Besides Darwin, other famous students of Henslow included Berkeley, Babington, Leonard Jenyns, Lowe and Miller. Henslow founded the Cambridge University Botanic Garden in 1831. During his time at Cambridge he extended the Botanic Garden and remodelled the 40-acre site between Bateman Street and Brooklands Avenue, making it world-renowned.
A country clergyman
In 1833 Henslow was appointed vicar of Cholsey-cum-Moulsford in Berkshire (now Oxfordshire). He continued to live in Cambridge, only visiting the parish during vacations; he appointed a curate to conduct services and parish business during term-time.
However, his appointment in 1837 to the remunerative Crown living at Hitcham, Suffolk marked a turning-point in his life. This time, in 1839, he moved to the parish, and as rector of Hitcham he lived at the rectory. He worked there, endearing himself to all who knew him, until the end of his life. His energies were devoted to the improvement of his parishioners, but his influence was felt far and wide. Botany at Cambridge suffered, attendance at lectures fell, and we have records of complaints made within the university. Henslow did not resign his chair, and continued to give lectures, set and mark exams, and take part in university affairs. Nevertheless, his influence there was naturally much reduced.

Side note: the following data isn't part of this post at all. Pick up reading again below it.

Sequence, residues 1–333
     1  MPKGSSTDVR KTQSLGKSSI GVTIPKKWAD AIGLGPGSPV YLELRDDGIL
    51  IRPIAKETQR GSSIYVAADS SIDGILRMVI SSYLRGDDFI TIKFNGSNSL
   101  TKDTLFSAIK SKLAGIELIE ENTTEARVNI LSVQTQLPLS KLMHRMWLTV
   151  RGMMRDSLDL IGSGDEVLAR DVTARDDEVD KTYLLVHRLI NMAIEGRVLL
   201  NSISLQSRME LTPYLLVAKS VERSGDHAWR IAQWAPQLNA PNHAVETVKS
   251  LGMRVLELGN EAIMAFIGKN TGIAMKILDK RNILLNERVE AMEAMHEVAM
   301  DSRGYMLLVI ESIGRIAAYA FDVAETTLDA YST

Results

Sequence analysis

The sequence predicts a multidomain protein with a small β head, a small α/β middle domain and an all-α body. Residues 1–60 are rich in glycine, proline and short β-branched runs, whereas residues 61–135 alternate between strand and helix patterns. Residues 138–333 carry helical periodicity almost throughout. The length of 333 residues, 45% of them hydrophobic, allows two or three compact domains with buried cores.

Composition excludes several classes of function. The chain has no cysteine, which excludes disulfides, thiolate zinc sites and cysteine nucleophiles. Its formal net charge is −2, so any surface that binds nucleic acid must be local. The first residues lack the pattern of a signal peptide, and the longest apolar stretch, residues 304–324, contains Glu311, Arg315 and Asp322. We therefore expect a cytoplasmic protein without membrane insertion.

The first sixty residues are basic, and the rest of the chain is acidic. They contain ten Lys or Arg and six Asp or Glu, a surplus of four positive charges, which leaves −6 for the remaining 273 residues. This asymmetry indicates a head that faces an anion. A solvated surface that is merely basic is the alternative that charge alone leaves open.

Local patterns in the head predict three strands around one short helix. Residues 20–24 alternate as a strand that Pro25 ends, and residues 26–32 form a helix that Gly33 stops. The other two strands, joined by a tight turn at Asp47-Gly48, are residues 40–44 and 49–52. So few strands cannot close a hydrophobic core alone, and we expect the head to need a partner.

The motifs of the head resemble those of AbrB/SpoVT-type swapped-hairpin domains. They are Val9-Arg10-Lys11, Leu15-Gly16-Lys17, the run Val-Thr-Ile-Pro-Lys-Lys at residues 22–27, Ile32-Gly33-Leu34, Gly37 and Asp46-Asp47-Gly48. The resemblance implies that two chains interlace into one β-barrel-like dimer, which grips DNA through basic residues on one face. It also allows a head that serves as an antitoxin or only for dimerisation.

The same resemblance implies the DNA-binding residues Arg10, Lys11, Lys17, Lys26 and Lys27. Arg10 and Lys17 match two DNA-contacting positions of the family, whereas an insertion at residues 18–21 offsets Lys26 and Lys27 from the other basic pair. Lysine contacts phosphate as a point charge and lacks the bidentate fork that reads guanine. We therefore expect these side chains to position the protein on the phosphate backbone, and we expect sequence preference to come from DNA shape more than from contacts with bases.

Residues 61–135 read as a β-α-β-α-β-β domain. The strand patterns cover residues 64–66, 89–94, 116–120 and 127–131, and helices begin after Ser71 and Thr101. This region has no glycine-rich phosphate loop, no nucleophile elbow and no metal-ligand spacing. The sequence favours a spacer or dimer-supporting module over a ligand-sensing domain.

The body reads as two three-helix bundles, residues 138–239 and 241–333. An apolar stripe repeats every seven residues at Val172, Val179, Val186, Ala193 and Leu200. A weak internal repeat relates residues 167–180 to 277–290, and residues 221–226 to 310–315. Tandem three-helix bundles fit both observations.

Henslow's work in Hitcham, over and above the normal duties of a Rector, can be summarised as follows:
- 1. The Parish School and other charities. Hitcham was a poor parish, and most people would have been illiterate. Education had to be paid for, and so Henslow both raised funds and donated his own money to support a school. The school was founded in 1841, and Henslow himself gave a series of volunteer classes on Monday afternoons for some of the older children. Botany and general scientific thinking were part of the fare. The botanical curriculum was printed: it was rather heavy with morphology and technical terms.